Health Secondary Story

Sue Ann Says A Screening for Colorectal Cancer Could Save Your Life!

Sometimes we need to discuss topics that may be hard to talk about for some women. Who likes to talk about their daily bathroom habits? But this month we need to discuss colorectal cancer openly. One in twenty-three women are likely to be diagnosed with colorectal cancer at some point in their life. When you combine the incidences of men and women with colorectal cancer, it is the third leading cause of cancer-related deaths. The good news is screenings and early detection can improve your chance of survival. The American Cancer Society reports that “The 5-year relative survival rate for people with stage I colon cancer is about 92%.”

What is Colorectal Cancer?
With colorectal cancer we need to focus on the large intestine. When we talk about parts of the large intestine, the colon is the long tube that attaches to your small intestine and to your rectum. The rectum is the last segment of your large intestine and attaches to your anus. If cancer starts in the colon, it is called colon cancer and if it begins in the rectum it is called rectal cancer. The term colorectal cancer can be used to describe either of these types of cancer.

What Puts Women at Risk for Colorectal Cancer?
Many things. For example, a personal or family history of polyps or colorectal cancer. Also, history of inflammatory bowel disease. Other factors that could influence colorectal cancer include the following:

  • Age: Women over 50 can have precancerous polyps. The Cleveland Clinic reports “Precancerous polyps can affect 40% of the adults over the age of 60.”
  • Alcohol: The American Cancer Society states “Alcohol use has been linked with a higher risk of cancers of the colon and rectum. In the colon and rectum, bacteria can convert alcohol into large amounts of acetaldehyde, a chemical that has been shown to cause cancer in lab animals”. (
  • Smoking: Recent studies have reported that the more years a woman has smoked and the more packs of cigarettes she smokes a year, the greater her risk of developing colorectal cancer. Women who are addicted to nicotine have smoked for over 40 years have an increased risk of developing colorectal cancer.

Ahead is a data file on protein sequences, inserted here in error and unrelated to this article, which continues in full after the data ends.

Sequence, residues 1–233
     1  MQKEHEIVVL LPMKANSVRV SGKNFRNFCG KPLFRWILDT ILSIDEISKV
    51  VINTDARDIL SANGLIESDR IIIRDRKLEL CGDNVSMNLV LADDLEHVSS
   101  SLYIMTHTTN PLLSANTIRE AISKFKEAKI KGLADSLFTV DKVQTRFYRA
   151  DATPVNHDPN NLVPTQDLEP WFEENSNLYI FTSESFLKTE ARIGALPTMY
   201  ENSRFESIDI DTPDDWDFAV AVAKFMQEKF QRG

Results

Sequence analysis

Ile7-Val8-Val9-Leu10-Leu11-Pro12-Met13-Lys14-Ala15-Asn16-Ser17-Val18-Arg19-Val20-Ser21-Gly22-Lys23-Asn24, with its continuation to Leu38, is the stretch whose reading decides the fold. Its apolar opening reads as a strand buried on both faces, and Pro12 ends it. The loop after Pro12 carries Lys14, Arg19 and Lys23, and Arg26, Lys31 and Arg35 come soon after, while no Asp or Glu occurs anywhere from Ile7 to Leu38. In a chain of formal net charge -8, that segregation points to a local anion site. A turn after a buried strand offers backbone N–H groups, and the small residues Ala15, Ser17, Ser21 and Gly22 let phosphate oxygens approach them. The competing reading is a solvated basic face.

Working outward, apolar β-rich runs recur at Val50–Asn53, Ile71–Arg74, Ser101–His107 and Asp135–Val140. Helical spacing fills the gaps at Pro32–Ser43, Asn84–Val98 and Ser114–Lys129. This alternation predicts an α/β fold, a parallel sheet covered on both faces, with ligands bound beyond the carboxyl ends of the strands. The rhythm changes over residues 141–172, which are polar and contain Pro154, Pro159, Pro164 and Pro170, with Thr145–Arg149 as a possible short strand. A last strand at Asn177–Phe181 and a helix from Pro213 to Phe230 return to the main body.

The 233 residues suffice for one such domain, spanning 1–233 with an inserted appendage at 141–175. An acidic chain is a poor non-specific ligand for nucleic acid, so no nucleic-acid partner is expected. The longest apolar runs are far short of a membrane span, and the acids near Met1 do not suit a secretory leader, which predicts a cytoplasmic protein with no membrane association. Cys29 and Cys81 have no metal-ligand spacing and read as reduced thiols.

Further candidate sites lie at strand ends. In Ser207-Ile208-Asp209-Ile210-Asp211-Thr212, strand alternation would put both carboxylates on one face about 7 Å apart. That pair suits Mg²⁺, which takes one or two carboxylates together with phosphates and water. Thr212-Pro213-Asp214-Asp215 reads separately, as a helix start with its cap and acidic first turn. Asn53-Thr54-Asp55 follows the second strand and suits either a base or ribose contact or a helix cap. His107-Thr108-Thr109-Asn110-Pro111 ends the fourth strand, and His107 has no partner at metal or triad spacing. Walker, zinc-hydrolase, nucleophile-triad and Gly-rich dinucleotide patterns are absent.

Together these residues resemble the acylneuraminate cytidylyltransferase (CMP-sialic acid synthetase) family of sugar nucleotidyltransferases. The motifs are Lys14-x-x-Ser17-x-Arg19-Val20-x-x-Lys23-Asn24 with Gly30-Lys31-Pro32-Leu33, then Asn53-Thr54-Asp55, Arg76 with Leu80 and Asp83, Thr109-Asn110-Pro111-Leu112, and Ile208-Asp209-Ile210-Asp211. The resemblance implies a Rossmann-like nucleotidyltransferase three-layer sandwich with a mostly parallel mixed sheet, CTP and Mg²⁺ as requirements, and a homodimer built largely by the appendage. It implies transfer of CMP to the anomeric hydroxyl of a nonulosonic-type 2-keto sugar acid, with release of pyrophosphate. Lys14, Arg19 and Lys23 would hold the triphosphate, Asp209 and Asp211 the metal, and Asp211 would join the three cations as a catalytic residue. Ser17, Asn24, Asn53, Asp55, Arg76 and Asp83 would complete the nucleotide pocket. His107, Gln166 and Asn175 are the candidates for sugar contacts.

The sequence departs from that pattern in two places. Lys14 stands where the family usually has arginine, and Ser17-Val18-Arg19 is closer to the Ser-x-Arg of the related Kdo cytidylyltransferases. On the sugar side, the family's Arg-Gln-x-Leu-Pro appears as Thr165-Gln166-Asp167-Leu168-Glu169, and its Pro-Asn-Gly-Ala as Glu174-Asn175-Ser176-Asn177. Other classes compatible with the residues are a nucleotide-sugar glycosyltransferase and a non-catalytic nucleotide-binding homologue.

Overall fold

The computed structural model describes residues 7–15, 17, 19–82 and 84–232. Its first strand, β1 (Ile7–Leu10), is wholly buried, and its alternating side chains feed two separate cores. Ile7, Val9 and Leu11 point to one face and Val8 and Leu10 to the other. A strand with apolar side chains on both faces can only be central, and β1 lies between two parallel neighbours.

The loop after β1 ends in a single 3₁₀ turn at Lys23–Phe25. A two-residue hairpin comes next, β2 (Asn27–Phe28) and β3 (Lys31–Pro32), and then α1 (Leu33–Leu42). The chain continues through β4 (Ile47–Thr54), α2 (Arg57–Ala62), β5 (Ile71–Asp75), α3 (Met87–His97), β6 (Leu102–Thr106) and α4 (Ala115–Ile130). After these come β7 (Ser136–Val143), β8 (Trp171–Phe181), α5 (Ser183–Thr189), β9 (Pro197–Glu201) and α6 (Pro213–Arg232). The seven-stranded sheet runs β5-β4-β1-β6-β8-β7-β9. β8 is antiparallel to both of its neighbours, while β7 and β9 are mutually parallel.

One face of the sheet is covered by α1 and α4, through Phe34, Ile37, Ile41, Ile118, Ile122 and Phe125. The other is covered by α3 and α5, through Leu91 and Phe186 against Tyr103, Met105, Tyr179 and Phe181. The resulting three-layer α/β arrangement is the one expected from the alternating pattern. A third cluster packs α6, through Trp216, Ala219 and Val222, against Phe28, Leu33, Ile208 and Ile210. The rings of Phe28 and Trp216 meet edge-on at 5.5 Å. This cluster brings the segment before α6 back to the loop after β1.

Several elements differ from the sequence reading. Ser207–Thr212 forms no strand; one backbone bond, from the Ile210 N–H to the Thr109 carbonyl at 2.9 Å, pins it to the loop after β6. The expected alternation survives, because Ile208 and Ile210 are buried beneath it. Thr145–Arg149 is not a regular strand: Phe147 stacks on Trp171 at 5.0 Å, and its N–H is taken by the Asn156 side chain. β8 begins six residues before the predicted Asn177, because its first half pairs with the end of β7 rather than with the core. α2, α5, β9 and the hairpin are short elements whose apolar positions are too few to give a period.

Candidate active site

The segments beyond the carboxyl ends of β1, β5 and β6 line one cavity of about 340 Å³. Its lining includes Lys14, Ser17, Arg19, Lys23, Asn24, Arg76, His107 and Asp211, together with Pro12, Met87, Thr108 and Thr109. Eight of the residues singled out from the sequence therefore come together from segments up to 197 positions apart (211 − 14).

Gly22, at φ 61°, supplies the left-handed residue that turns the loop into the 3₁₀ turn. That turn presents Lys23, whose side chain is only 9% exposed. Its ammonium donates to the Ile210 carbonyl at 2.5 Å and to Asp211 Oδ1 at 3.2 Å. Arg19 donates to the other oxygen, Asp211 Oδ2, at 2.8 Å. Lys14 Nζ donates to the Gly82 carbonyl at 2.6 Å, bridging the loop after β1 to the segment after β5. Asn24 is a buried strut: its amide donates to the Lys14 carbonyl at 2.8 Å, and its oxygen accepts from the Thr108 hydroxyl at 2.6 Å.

• Obesity: Women who are indulging in a diet that is high in sugar and low in fiber do run a greater risk of developing colorectal cancer. Having a higher BMI (Body Mass Index) is associated with an increased chance of colorectal cancer.

Symptoms You Should Not Ignore
Even though it may sound offensive, you do need to pay attention to your bowels and bowel movements. Some women may never have symptoms of colorectal cancer, thus having a screening when ordered by your physician can prevent cancer. But if you notice changes such as constipation, diarrhea, or narrowing of the stools it is good to discuss your symptoms with your physician. Another sign is blood in the stool. While we know that women can have hemorrhoids, and that some foods such as beets can change the color of the stool, it is still important to discuss this sign with your physician. Pay attention to any abdominal pain, fatigue or weight loss and report these to your physician as well.

Screenings and Tests

Your physician will discuss what screenings or tests that you will have to rule out colorectal cancer. Screenings that are used by the medical community are:

  1. Colonoscopy: With the use of a flexible tube fitted with a lens, physicians can observe and remove tissue from the colon or rectum. Sedation is used on the patient during this procedure. Colorectal cancer deaths have been reduced by a whopping 60 to 70% with this test.
  2. FOBT (fecal occult blood test): Due to the fact that polyps can bleed, a highsensitivity fecal occult blood tests is used as a screener for women. It is used for women over the age of 50 until age 80. Reductions of up to 33% of colorectal cancer deaths have been attributed to this type of screening. Several types of FOBT tests exist and your healthcare provider will share information on the type
    that is best for your age or symptoms.
  3. Sigmoidoscopy: During a sigmoidoscopy, a small, flexible tube is used to examine the colon and rectum. “Studies have shown that people who have regular screenings with sigmoidoscopy after age 50 years have a 60 to 70 percent lower risk of death due to cancer of the rectum and lower colon than people who do not have screening”. (New England Journal of Medicine, 2012)

Boost Your Health to Fight Colorectal Cancer
I want you to adopt healthy habits in order to fight off colorectal cancer. Find the time to exercise every week. Add fiber to your diet by adding delicious fruits and vegetables. If you smoke, find a cessation program. If you drink, especially in excess, talk to your health care provider to find a pathway to sobriety. A heart to heart with your physician will ease your mind and give the physician a chance to determine at what age and type of screenings you require. These choices can greatly reduce your chances of being diagnosed with colorectal cancer.

Because it all begins with a healthy woman…
Sue Ann Thompson is founder and president of the Wisconsin Women’s Health Foundation (WWHF), a statewide non-profit organization whose mission is to help Wisconsin women and their families reach their healthiest potential. WWHF provides programs and conducts forums that focus on education, prevention, and early detection; connects individuals to health resources; produces and distributes the most up-to-date health education and resource materials; and, awards grants and scholarships to women health researchers and related community non-profits. To learn more, visit or call 1-800-448-5148.

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